Portsmouth city






Conflict cases

Langstone Harbour / Farlington Marshes

Tipner Regeneration


MAP_PortsmouthPortsmouth is a compact coastal urban region where urbanization exerts intense pressure on the natural environment. It has developed mostly on Portsea Island, which is surrounded by two estuarine basins - Portsmouth and Langstone harbours. Over time, there has been extensive land reclamation, and construction of sea defences, so that a significant proportion of the city currently lies below sea level. This poses major challenges which are exacerbated by anticipated sea level changes.

The coastal areas have been significantly modified over time by human activities, which have altered the functioning of natural processes by affecting the sediment budget through flood and coastal defence works, controlling river drainage/flow, and dredging for navigation purposes. Portsmouth harbour includes one of the four largest expanses of mudflats and tidal creeks on the south coast of Britain. It has internationally important populations of mud-snails, shrimps, and wading birds and wildfowl. The mudflats are inhabited by dense populations of photosynthetic micro-organisms that are highly significant contributors to the biological productivity of the ecosystem. Saltmarshes at the uppermost elevations are often used as roosting areas for wading birds and wildfowl at high tide, whilst terrestrial birds use them as feeding areas. There are especially acute concerns about the long term losses of salt marshes as a result of climate change: if current rates of loss continue, it has been estimated that salt marshes may disappear by the end of the twenty first century.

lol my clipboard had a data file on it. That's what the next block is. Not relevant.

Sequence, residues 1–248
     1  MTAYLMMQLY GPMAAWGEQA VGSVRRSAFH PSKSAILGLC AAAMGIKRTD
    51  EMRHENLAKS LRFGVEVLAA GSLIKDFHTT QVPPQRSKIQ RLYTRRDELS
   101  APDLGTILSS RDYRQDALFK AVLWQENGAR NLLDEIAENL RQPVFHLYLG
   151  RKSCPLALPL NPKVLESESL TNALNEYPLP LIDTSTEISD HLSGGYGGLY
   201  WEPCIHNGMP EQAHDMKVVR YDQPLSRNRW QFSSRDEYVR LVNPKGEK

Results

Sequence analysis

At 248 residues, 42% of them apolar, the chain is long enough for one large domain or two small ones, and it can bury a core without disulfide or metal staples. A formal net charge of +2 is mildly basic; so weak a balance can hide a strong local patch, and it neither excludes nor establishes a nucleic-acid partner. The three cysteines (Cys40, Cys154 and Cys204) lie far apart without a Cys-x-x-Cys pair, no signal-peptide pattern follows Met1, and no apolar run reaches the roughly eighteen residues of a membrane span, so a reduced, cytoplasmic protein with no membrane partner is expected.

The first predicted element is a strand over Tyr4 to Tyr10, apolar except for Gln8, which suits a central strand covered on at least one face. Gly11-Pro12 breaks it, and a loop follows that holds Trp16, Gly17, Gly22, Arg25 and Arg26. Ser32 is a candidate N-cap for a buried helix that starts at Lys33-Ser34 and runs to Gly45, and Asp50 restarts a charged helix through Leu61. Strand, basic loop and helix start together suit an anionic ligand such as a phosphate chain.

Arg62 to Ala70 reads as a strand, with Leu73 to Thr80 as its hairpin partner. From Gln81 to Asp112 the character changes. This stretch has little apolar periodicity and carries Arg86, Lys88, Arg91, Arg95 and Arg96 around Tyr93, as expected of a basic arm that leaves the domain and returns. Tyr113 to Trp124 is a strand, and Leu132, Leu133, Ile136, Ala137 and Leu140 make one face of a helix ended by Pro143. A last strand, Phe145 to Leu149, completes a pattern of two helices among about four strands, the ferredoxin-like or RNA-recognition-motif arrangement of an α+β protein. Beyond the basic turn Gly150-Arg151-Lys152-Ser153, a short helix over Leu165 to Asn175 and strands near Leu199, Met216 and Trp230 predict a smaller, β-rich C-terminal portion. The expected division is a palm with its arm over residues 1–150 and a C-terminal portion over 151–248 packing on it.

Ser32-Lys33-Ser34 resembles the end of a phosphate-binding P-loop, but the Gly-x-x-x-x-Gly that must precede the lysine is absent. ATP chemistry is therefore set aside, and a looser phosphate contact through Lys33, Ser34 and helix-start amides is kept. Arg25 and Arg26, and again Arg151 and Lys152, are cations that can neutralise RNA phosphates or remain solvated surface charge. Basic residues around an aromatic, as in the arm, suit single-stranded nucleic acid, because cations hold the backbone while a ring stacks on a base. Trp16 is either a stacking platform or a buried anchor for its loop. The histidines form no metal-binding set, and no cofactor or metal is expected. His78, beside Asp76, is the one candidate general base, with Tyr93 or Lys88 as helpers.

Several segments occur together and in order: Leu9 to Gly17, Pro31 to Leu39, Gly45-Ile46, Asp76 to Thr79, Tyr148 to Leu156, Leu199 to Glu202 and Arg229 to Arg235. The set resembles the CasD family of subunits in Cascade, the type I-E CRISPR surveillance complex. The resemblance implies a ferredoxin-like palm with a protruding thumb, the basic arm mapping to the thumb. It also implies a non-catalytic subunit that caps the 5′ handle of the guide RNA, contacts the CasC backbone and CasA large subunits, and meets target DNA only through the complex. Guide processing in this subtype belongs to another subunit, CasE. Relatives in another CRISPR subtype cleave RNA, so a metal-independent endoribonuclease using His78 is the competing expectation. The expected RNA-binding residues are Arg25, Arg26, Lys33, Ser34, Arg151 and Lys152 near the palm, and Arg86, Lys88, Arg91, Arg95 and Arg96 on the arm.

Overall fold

The present day city has an estimated population of circa 200,000. It developed historically as a port from the 13th century, and as a naval and commercial hub. Current economic activities are dominated by public and private sector services, including a significant element of waterfront regeneration related to retailing, leisure and tourism. Port activities remain significant. Although a relatively prosperous city by UK standards, it is also characterised by social polarisation and areas of multiple deprivation. Urbanization pressures, migration, commuting and tourism flows are exerting intense pressures on the limited land resources in the urban area, and there is strong competition between the different stakeholders who use the urban space.